(444a) Model Predictive Control for Embedded Applications
AIChE Annual Meeting
2006 Annual Meeting
Fuels and Petrochemicals Division
Fuel Cell Portable Power Systems II
Wednesday, November 15, 2006 - 3:15pm to 3:40pm
Model Predictive Control (MPC) refers to a family of control algorithms that compute a sequence of manipulated variables by solving an optimization problem, incorporating explicit knowledge of the plant model and incorporating feedback information. Due to the properties of MPC?its ability to handle nonlinear, constrained, and multivariable systems yet its severe computational requirements?it has primarily been used in the chemical process industries. Thus, while MPC remains an open and growing area of research in systems and control, there are somewhat limited applications reported outside the processes industries. More recently, there has been considerable interest in expanding the applicability of MPC to other domains of engineering which were traditionally considered unsuitable for MPC due to their small physical size and fast dynamics. Applications that can readily benefit from embedded MPC chip range from automotive and avionics  to microchemical systems [1, 11], drug-delivery systems [2, 12] and fuel cells [9, 10].
In , Wright and Edgar, present the use of Nonlinear MPC for controlling a Water Gas Shift (WGS) reactor, which is essential for the efficient operations of a fuel processor . At that time, the problem was solved on a cascade control configuration of three workstations, which is impossible to be employed for portable devices, powered by fuel cells, due to size and power-consumption restrictions. Nevertheless, the recent advances in the semiconductor technology and in computer architecture, enables today the integration of enough computational power on a chip, to solve efficiently NMPC problems in real time .
The objective of this work is twofold; firstly, to give an overview of the platforms that have appeared in the literature for embedding MPC in applications with small physical size, such as fuel processors, and secondly, to present our recent research results towards the same direction. The proposed approaches for embedding MPC span a wide implementation spectrum, ranging from pure software to complete hardware.
A direct solution is to use an off-the-shelf microprocessor which can be programmed to solve an MPC problem . This approach leads to short development time and easy reprogrammability. However, commercial microprocessors are designed for a wide range of applications, and thus usually encompass unnecessary resources (increased arithmetic accuracy, redundant peripherals), which potentially lead to a sizeable implementation platform exhibiting increased power consumption.
The results of designing a FPGA hardware unit tailored to solve a constrained MPC problem are presented in . In this paper, a rapid prototyping environment for FPGAs is used that helps to explore the design space efficiently, and Hardware-In-the-Loop (HIL) simulations were conducted for verifying the functionality and the performance of the design. In , synthesis results for implementing explicit MPC  on a Field Programmable Gate Array (FPGA) or an Applications-Specific Integrated Circuit are presented. In explicit MPC the optimization problem is solved off-line and during runtime the solutions are only invoked from a local memory. The disadvantage of this approach is that the memory requirements increase superexponentially as the sizes of parameters of the problem increase (number of inputs and outputs, control and prediction horizon), resulting in prohibitive sizes for small scale embedded applications.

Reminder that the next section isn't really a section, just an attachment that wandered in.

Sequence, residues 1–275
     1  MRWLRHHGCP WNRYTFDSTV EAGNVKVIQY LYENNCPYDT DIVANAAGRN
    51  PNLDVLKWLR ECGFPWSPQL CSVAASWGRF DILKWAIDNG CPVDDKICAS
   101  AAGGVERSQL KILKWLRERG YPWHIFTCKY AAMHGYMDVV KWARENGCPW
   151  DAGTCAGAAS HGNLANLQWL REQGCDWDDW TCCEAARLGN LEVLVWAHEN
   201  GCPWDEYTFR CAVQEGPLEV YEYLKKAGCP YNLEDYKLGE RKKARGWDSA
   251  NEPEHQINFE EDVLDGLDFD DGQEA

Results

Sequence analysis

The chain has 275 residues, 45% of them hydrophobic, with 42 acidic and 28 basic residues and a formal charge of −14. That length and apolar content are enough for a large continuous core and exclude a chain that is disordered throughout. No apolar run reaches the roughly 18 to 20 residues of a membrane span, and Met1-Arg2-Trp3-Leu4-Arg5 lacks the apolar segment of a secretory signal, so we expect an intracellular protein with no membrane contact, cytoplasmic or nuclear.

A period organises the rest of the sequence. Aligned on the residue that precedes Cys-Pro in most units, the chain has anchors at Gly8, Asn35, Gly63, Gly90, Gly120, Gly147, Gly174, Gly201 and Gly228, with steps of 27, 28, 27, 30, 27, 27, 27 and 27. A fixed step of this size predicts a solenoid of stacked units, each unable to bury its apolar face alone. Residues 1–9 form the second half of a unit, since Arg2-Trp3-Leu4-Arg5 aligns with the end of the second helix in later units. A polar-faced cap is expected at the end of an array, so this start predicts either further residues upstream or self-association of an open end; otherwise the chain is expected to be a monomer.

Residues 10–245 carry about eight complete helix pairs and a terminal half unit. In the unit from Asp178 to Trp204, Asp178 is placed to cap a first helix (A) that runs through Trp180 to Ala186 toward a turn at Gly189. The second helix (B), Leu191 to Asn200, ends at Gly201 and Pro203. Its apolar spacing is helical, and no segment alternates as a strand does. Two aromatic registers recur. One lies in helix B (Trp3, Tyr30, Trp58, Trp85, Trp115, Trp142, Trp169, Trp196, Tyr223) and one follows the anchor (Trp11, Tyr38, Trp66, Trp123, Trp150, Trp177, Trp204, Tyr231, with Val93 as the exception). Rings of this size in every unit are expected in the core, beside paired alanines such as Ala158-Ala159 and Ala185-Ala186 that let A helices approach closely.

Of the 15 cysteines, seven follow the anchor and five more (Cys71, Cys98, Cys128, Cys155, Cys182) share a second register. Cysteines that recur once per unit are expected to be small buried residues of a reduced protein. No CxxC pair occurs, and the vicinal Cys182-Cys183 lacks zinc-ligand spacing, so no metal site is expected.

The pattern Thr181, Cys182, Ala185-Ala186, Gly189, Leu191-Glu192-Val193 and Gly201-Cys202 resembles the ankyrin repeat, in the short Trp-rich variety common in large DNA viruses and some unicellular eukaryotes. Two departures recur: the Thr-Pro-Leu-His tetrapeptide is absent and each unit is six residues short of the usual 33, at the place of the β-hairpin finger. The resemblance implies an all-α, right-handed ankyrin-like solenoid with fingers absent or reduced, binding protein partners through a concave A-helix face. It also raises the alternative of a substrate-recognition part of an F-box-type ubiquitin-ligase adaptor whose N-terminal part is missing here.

Four different processor-array architectures, for the Generalized Predictive Control (GPC), are proposed in . Processor arrays offer certain advantages, such as modularity, reconfigurability, parallelism and pipelineability. However, the particular architecture is limited to unconstrained optimization problems, and, in general, the processor arrays are not scalable to problems of different sizes, thus wasting resources when matrices smaller, than the ones designed for, are used. An Application Specific Integrated Circuit (ASIC) MPC chip is presented in , where the control problems of temperature distribution across a wafer and the non-isothermal flow in a microdevice are addressed. It is shown, by emulation, that a reduced precision processor can solve, close to optimally, the aforementioned problems, while proving energy and computational cost savings by taking advantage of the Logarithmic Number System (LNS) .
Our approach follows a hardware-software co-design path to produce an architecture that occupies small area, and consequently is power efficient, and is easily reconfigurable to different algorithms . This is achieved by dividing the operations in an MPC algorithm in two parts; one that fits into a general-purpose microprocessor and one into an auxiliary array coprocessor. A profiling study of the algorithm reveals the computationally demanding parts of the algorithm (characterized by substantial matrix operations), which are migrated to the matrix coprocessor, while the rest of the algorithm is executed on the microprocessor, which runs a software program developed in a high-level programming language. The system has been implemented and prototyped on an FPGA. Its functionality has been verified by employing HIL simulations, where the FPGA (executing the MPC algorithm) is connected to a workstation (emulating the behavior of the system under control). The hardware requirements, the performance and a HIL simulation case study will be presented.
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